[Aboriginal] Can Aboriginal Linux be used to create a Debian rootfs

Rob Landley rob at landley.net
Sun Jan 3 14:00:00 PST 2016

Sorry this fell through the cracks, busy few months. (And Dreamhost
decided to eat the mailing list web archive _again_. Kinda annoyed at
them. There's still _11 months_ missing. We may be light traffic here
with most of the action in toybox at the moment, but not _that_ light.)

On 11/07/2015 05:01 AM, Brendan Simon (eTRIX) wrote:
> On 30/10/2015 4:08 PM, Rob Landley wrote:
>> On 10/29/2015 08:07 PM, Brendan Simon (eTRIX) wrote:
>>> Hi.  Just stumbled across Aboriginal Linux and it looks like an great
>>> project :)
>>> I am trying to create a Debian rootfs for an embedded system that uses
>>> Dual ARM A9 cores (Xilinx Zynq SoC).
>>> I'm currently trying to use multistrap (from the Emdebian project) and
>>> am now trying moved to brickstrap (a fork of polystrap which is a fork
>>> of multistrap).  Brickstrap does everything in userspace via proot and
>>> uses QEMU for the final configuration phase.
>>> I was wondering if it is possible to use Aboriginal Linux to do some or
>>> all of this?  i.e. create a Debian rootfs from debian binary packages.
>>> Would it be simpler?
>> In theory, yes. In practice, it's a big todo item as explained here:
>>   http://landley.net/aboriginal/about.html#hairball
>> For Debian I've been vaguely looking at:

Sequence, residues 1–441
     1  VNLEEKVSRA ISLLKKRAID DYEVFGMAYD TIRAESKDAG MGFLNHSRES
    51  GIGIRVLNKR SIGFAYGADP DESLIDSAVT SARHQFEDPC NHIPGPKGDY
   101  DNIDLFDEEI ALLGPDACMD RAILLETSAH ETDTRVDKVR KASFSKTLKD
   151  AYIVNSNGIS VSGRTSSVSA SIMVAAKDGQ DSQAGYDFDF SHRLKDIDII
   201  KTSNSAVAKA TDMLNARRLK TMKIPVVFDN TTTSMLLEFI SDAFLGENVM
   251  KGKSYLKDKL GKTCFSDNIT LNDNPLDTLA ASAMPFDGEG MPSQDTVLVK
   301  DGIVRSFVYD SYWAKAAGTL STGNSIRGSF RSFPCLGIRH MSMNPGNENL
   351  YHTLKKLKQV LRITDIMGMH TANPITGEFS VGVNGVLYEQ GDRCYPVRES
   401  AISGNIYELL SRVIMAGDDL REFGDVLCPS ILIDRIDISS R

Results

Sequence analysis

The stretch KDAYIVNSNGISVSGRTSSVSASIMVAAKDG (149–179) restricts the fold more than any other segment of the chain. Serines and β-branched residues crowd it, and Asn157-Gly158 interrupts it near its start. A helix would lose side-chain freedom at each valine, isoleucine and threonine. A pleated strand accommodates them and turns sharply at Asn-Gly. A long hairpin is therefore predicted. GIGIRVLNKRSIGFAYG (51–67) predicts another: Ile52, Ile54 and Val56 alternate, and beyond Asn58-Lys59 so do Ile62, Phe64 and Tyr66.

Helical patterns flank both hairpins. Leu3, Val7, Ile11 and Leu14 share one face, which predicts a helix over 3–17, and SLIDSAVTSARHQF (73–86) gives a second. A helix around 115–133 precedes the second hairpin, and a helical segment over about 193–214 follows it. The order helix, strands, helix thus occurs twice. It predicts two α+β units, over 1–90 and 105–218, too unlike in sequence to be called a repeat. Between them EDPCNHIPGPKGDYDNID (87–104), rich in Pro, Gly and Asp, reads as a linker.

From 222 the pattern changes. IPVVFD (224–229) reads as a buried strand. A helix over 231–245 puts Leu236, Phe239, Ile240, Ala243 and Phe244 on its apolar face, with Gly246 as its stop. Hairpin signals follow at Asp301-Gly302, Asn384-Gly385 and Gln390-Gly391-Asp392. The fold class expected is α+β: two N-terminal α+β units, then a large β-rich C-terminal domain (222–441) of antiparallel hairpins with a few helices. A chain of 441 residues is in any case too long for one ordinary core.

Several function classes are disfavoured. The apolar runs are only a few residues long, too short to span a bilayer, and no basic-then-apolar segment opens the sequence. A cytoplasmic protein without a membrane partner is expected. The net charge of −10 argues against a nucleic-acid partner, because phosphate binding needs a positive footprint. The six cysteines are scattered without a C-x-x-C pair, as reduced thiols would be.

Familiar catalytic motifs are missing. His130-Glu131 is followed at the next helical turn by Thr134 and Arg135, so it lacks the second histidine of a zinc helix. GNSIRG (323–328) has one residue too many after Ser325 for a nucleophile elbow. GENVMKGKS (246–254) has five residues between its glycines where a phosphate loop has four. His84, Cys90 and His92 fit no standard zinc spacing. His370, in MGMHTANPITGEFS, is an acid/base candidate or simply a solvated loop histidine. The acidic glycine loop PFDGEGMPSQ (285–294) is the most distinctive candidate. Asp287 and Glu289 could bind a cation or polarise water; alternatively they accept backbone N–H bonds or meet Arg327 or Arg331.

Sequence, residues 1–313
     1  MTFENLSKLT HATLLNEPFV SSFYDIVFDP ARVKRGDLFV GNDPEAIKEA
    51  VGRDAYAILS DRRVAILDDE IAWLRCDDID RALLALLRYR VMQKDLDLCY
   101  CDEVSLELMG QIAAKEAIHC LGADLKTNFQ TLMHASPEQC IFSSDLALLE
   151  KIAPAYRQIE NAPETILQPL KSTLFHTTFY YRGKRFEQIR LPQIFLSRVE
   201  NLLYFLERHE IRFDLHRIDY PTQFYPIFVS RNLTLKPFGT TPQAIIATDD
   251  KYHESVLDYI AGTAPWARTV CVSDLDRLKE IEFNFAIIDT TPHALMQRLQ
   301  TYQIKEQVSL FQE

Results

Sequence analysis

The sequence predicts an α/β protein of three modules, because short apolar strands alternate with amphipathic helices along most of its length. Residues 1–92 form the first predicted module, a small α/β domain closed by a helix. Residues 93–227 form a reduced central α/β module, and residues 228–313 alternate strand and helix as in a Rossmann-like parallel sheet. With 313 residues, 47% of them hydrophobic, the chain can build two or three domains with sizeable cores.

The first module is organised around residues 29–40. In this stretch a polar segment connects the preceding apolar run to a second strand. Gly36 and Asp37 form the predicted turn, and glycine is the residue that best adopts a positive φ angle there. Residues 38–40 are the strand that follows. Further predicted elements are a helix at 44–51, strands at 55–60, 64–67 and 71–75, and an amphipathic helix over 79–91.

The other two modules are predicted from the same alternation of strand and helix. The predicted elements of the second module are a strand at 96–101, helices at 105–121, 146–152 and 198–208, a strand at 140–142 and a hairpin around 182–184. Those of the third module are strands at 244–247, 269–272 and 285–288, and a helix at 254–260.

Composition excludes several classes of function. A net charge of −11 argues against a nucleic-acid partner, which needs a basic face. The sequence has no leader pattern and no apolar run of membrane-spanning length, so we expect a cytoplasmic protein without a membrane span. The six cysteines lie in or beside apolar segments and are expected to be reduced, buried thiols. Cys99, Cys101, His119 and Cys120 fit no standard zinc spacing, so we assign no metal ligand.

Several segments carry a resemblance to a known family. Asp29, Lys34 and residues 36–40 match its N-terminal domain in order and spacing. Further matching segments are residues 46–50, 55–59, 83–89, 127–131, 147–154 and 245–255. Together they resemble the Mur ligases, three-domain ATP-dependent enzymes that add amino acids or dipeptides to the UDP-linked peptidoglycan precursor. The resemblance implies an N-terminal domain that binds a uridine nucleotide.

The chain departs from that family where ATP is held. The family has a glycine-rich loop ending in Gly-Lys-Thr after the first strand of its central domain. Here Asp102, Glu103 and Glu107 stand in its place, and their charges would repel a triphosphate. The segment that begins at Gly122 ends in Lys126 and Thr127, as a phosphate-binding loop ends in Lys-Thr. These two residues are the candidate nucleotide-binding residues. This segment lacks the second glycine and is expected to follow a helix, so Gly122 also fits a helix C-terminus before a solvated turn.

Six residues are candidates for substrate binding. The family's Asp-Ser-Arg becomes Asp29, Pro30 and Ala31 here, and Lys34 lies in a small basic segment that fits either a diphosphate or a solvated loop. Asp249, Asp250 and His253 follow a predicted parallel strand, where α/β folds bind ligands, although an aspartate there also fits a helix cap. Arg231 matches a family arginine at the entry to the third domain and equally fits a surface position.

>>   https://wiki.debian.org/HelmutGrohne/rebootstrap
> I've had success with Brickstrap (well in creating a rootfs, but not
> tested yet).  Brickstrap now uses Linux user namespaces instead of proot.
>     https://blog.mister-muffin.de/category/linux/

Blog categories isn't quite a proper replacement for a project page. (I
have this problem with ellcc.org as well...)

> The project/tool is called 'user-unshare', but it looks like it is going
> to be call uroot (as it is intended as a replacement for proot).
>     https://gitlab.mister-muffin.de/josch/user-unshare

Which sounds like a replacement for fakeroot?

I boot virtual systems under qemu so I don't need to do that, I can give
the build environment root in its own restricted space. (Although
"container" vs "vm" is a thing that I never did write up my SCALE talk
on. I see the appeal of doing it in containers, I just can't do an arm
container on an x86 system without the qemu application emulation can of

> Brickstrap uses user-unshare, multistrap and libguestfs to create my
> rootfs from .deb packages via apt, and configure them, creates a disk
> image, all without requiring superuser rights :)

It sounds very interesting. However, I'd rather have something with
fewer dependencies operating in a container or vm where it thinks it has
superuser rights.

Aboriginal creates a system image without superuser rights, and then
uses qemu to boot that system image in a VM where it has full (emulated)
hardware access. That's the replacing cross compiling with native
compiling stuff from the 2008 presentation.

Anyway, I am interested in following up on this, just... a bit
overstretched the past few years. :)

> Cheers, Brendan.



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